African Harrier-hawk

Polyboroides typus
Population status:
Least Concern
Body length:
51–68 cm (20-26.7 in)
118–152 cm (46.5-59.8 in)
500–820 g (17.6-28.9 oz)
African Harrier Hawk


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Did You Know?

  • The African Harrier-hawk is known by a few other names including African Gymnogene, Banded Harrier-hawk, and Bare-faced Whistling Hawk
  • There are two recognized subspecies of the African Harrier-hawk
  • This species has a reversible intertarsal ("knee") joint which can bend backward, as well as forward, enabling the bird to reach into deep holes to pull out any small prey animals hiding there.

Other Hawks

How The Peregrine Fund is Helping

Though The Peregrine Fund doesn't work directly with African Harrier-hawks, our efforts in scientific research, habitat conservation, education, and community development help conserve raptors on a global scale. We also supply literature to researchers from our avian research library, which helps scientists around the world gather and share important information on raptor conservation. We also run the Global Raptor Impact Network which gives raptor researchers tools to more efficiently conduct their own studies while contributing to a global program. GRIN also provides citizen scientists a way to participate in raptor science and conservation.

Where They Live

Occurs in a wide variety of open and forested habitat, ranging from semi-desert scrub to riparian woodlands to lowland rainforest and including exotic tree plantings in southern Africa. Occurs in the vicinity of oil palms (Elaeis) palms in Uganda (Carswell et al. 2005). It is often associated with cliff faces in mountainous or hilly terrain in South Africa, but it also occurs in flat plains (Boshoff 1997). Less common in more arid areas. Usually perches within cover. Occurs singly or in pairs

Why They Need our Help

This lovely raptor is categorized as a species of Least Concern. 

What They Eat

This raptor is a very opportunistic feeder. It will prey on small mammals, frogs, lizards, and insects, which are found by climbing around on tree trunks and limbs, peering into crevices and holes while hanging at odd angles.  For prey that would otherwise be inaccessible, this species hangs under branches and cliffs, balancing with flapping wings, and feeding on anything that they come across. It raids nesting colonies of birds, taking eggs and nestlings. It also hunts on the wing, soaring or flapping slowly over open areas between trees. It also feeds on oil palm fruit, and  takes carrion and fish, too.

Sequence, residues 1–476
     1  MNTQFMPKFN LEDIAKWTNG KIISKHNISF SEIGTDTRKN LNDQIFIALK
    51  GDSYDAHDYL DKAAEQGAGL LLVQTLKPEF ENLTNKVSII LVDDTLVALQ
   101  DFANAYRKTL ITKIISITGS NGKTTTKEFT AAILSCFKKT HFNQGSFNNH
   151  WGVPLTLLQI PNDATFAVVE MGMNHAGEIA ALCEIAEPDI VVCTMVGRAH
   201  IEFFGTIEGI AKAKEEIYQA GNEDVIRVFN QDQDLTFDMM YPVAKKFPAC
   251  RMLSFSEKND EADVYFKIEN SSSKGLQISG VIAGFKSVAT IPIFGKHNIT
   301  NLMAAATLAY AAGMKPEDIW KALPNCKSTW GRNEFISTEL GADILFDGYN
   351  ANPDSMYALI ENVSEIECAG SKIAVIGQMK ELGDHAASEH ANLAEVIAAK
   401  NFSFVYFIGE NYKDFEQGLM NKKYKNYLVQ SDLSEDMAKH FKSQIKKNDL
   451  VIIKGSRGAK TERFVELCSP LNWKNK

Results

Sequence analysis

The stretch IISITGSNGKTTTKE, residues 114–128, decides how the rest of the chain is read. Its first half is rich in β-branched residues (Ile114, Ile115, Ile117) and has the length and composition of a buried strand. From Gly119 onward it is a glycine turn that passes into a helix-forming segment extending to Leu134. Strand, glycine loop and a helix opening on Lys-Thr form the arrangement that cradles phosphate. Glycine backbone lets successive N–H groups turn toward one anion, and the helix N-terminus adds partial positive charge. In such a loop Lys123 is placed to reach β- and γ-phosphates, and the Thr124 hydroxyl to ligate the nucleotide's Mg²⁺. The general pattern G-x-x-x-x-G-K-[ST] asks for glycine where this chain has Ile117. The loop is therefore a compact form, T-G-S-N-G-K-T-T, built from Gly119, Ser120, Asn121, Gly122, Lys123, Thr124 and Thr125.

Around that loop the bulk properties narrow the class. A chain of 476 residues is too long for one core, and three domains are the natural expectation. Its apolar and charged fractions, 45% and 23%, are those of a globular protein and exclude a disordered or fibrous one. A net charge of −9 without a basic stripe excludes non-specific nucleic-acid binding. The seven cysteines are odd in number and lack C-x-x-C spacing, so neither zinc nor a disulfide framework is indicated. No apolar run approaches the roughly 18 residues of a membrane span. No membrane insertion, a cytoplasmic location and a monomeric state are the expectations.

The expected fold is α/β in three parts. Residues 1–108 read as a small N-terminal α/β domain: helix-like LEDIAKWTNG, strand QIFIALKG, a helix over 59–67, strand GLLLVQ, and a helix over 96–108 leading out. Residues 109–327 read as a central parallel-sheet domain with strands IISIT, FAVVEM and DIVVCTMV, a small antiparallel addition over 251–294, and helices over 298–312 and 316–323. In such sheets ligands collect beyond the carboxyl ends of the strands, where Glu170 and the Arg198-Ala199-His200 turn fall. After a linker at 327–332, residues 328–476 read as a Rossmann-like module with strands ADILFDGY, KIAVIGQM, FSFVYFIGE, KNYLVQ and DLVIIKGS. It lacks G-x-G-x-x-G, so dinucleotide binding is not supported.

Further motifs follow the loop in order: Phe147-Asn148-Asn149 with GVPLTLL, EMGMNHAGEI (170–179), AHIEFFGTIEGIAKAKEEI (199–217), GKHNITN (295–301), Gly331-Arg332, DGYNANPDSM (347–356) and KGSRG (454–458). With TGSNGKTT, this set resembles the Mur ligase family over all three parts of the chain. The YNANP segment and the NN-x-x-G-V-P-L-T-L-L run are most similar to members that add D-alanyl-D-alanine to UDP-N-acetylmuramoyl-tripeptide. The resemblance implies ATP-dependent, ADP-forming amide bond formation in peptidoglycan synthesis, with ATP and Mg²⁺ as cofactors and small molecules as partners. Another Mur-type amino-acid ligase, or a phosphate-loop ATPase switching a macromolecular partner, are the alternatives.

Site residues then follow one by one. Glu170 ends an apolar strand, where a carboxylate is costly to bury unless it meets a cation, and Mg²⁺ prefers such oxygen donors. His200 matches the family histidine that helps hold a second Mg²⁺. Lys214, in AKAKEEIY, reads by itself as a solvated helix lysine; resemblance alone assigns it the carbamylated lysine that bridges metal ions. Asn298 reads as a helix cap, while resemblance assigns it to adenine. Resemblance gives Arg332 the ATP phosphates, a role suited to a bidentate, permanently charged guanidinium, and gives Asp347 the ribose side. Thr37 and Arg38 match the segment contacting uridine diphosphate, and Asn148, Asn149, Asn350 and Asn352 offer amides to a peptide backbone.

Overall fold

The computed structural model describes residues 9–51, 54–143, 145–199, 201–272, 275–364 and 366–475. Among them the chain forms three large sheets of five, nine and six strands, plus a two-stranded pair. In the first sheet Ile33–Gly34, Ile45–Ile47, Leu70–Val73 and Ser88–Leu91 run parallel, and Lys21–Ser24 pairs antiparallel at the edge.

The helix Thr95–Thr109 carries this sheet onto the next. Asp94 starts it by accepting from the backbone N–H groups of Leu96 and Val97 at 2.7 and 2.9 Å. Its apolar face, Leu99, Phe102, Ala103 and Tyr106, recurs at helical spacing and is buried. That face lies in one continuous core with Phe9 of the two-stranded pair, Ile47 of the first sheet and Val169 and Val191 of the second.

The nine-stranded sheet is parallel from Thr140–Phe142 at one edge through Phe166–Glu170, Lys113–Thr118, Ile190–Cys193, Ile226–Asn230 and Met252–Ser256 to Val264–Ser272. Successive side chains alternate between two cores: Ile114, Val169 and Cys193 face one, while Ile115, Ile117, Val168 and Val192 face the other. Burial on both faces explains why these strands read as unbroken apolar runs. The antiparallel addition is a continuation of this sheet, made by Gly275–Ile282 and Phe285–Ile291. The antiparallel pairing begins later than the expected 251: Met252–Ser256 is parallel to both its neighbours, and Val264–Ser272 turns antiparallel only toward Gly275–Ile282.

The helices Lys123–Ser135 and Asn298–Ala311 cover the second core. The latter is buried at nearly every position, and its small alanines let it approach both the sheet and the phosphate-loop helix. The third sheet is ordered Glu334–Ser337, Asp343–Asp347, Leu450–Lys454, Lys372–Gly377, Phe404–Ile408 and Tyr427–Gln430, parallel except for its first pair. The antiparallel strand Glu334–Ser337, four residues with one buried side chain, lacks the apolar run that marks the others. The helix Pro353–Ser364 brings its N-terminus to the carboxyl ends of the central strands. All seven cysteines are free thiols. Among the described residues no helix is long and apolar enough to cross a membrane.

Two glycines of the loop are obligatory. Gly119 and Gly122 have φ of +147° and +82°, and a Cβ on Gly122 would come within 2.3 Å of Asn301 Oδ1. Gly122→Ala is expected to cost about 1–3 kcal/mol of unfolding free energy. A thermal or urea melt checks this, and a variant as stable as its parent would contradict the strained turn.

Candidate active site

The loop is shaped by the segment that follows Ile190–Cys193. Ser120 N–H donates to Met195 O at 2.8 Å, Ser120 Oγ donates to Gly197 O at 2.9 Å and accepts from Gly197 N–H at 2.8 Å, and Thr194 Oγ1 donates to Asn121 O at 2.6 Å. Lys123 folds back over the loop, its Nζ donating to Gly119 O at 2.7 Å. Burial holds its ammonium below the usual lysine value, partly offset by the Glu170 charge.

Nests, Eggs, and Young

The male and female African Harrier-hawks work together to build a stick nest on rocks or trees. They will line the nest with green leaves. The female will lay 2 eggs, which are white and boldly blotched with dark reddish-brown markings. Both parents will help incubate the eggs. After about 36 days of caring for their eggs, the nestlings will hatch. After they do, the competition for survival is fierce and often the larger, stronger nestling will kill its smaller, weaker sibling.  Over the next 52 days, the nestlings will grow quickly. Their feathers will grow in and they will gain strength as they prepare to fly from the nest for the first time. 

African Harrier-hawk and the World Center for Birds of Prey

The World Center for Birds of Prey offers fun ways to learn about birds of prey. Interactive activities, tours, interesting videos and a children's room with activities from coloring sheets to quizzes to costumes are all available for our guests. We also have knowledgeable, on-site staff to answer any questions you may have about African Harrier-hawks or any other bird of prey.  


Global Raptor Information Network. 2022. Species account: African Harrier-hawk Polyboroides typus. Downloaded from on 28 Nov. 2022

Kemp, A. C. and J. S. Marks (2020). African Harrier-Hawk (Polyboroides typus), version 1.0. In Birds of the World (J. del Hoyo, A. Elliott, J. Sargatal, D. A. Christie, and E. de Juana, Editors). Cornell Lab of Ornithology, Ithaca, NY, USA.